It's definitely a trade-off, but it's not all downside.
I'm actually really excited to see better interfaces for the platform libraries. I think this is a really big deal - not just for the health of the project, but also for Apple's OSes.
One of the reasons this is so exciting for me is because I remember Microsoft's move to try and deprecate the Win32 API with Windows Longhorn (which became Vista) in the early 2000s. The plan was to introduce a set of new platform libraries called "WinFX", written in .Net, including hundreds of new APIs. Win32 would be kept for compatibility but be frozen - all new features would only come to the new SDK. To be clear: there would be no new C APIs in the future - you would have to move to .Net. Which, as you can imagine, people were absolutely thrilled about.
Microsoft was full of confidence following XP, and they really tried to make the most advanced technology platform they could imagine. They wanted to basically rewrite the OS overnight. WinFX came with a new, vector-based graphics subsystem called Avalon which was built on DirectX, a new communications subsystem called Indigo and a radical new storage interface called WinFS which indexed files in a schema-driven relational database. Anyway, it turned out to be a bit too much, performance was rubbish, and people just didn't like being forced to use .Net - but it was an interesting attempt to break from C, the Win32 API, and all the cruft that had accumulated. "The idea is to significantly reduce the number of APIs and make the APIs more standardized. Today, there are over 76,000 Win32 APIs, and countless wrappers. With Longhorn, Microsoft hopes to reduce the API set to 8,000 to 10,000". After they hit reset, they chopped up various parts of WinFX in to .Net 3.0 and Win32 got to live on.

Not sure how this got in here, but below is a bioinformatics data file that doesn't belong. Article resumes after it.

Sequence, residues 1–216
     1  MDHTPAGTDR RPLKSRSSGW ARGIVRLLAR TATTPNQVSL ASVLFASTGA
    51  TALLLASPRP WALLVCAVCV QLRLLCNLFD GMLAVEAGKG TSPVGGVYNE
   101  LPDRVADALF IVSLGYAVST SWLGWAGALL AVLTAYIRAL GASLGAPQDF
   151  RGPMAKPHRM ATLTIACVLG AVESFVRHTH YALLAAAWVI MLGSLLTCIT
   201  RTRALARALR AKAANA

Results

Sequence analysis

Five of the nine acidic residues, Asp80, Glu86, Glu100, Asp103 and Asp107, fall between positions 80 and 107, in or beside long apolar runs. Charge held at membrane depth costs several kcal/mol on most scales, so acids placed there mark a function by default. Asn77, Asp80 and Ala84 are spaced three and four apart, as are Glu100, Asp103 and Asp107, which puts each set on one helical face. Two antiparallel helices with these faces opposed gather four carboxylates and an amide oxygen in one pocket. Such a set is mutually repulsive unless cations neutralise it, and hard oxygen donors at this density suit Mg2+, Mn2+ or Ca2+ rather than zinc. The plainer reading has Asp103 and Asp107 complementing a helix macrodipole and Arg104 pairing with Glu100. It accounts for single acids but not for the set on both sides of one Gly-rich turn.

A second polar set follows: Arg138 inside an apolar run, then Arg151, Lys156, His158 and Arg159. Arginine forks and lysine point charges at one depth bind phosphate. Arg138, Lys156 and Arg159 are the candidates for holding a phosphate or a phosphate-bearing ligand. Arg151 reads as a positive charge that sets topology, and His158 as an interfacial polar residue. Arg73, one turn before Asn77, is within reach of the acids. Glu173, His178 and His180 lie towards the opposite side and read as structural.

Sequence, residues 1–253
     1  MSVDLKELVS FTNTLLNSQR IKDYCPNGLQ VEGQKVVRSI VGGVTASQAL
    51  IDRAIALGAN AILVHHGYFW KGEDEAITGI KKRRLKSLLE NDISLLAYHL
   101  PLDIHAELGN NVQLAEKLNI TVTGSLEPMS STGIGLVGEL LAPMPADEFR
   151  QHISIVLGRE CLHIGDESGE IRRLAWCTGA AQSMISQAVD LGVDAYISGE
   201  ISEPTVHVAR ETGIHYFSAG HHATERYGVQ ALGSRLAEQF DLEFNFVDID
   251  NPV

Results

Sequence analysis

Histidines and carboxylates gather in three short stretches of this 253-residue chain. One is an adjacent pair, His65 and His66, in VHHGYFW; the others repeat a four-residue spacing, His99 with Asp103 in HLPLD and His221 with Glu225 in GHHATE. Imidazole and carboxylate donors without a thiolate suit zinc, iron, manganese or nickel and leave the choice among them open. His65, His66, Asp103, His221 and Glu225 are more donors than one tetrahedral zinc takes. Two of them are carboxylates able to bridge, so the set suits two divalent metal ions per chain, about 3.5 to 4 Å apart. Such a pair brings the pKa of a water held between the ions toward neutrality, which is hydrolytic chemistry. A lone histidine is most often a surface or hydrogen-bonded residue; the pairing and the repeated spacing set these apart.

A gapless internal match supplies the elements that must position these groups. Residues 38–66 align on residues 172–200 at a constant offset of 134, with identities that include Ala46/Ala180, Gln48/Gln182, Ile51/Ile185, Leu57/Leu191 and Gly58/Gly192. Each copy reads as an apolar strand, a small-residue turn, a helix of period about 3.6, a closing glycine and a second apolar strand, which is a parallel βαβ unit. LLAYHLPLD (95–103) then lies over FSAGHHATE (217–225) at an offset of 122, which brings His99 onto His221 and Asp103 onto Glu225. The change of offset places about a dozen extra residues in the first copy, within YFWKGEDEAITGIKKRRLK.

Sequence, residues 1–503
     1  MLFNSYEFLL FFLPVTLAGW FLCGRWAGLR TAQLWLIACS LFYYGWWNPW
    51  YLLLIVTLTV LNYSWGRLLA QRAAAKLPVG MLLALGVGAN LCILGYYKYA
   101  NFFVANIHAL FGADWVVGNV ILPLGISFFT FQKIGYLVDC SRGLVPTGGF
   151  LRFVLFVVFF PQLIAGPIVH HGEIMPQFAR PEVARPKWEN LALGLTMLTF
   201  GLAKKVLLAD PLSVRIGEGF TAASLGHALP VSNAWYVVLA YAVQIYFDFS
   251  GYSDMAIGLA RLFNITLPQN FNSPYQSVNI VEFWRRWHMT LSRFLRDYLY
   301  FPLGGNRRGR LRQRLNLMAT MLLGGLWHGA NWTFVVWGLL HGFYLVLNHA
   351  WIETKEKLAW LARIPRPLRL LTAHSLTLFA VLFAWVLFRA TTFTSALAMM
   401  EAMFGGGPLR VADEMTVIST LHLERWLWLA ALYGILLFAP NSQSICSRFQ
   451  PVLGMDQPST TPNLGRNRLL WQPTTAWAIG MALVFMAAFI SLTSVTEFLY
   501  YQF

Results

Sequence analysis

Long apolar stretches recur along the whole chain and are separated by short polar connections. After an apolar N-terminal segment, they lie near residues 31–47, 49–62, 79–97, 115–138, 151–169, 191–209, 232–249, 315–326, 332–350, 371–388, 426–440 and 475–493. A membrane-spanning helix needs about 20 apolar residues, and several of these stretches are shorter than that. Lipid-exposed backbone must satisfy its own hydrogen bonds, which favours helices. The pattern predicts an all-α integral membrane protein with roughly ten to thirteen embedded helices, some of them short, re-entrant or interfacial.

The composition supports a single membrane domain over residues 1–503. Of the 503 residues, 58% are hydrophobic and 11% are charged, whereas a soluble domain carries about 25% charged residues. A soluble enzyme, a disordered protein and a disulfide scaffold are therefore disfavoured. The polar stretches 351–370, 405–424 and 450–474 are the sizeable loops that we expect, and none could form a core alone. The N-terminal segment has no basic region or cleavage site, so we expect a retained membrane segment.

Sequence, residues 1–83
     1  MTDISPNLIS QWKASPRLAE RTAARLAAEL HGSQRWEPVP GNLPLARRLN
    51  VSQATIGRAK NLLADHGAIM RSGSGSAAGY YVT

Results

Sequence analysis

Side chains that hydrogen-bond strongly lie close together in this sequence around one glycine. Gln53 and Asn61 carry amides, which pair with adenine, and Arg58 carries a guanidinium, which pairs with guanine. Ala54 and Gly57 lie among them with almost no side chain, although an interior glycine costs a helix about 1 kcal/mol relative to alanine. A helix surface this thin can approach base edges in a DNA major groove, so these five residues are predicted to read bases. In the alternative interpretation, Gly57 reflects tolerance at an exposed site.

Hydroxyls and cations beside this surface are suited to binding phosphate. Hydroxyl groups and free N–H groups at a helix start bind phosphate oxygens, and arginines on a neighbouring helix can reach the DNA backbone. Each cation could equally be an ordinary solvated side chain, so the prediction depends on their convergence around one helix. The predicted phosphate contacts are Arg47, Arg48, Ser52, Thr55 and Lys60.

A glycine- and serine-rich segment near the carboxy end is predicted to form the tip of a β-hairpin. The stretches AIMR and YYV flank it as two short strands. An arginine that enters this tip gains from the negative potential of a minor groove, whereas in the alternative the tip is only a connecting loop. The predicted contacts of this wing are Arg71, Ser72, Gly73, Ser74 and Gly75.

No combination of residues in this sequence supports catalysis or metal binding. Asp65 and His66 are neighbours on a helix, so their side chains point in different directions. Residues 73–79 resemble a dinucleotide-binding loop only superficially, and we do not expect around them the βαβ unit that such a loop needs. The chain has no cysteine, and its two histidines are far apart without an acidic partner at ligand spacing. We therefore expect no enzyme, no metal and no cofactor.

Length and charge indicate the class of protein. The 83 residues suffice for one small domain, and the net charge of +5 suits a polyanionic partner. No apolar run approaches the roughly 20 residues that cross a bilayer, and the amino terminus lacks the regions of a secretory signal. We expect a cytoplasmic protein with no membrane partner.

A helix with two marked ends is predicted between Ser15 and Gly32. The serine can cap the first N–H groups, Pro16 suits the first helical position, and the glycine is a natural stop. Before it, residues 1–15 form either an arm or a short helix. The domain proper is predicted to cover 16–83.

But Microsoft still knew they needed a modern platform SDK. They had another go with WinRT which originally used C++ with a bunch of extensions. Now it's called the Universal Windows Platform (UWP). These days the Windows platform SDK looks thoroughly modern with features like .Net generics, events and
async/await. Honestly, the SDK for Apple's platforms is pretty lacking by comparison. At the same time, Google is developing their Fuchsia OS and Flutter SDK, where Apps are primarily written in Dart.
So, as I see it, there has been a big push in the industry for years to replace legacy C interfaces with something more modern. We don't know what Apple's intentions are for Swift, but I assume it's part of their answer to Fuchsia and WinRT. I don't think they're going to all of this effort just to stop at some overlays for Objective-C. I think Swift was made to become part of Apple's OS, and that's a large part of why the project even exists.
But it's exciting, right? Is it just me who is excited by this?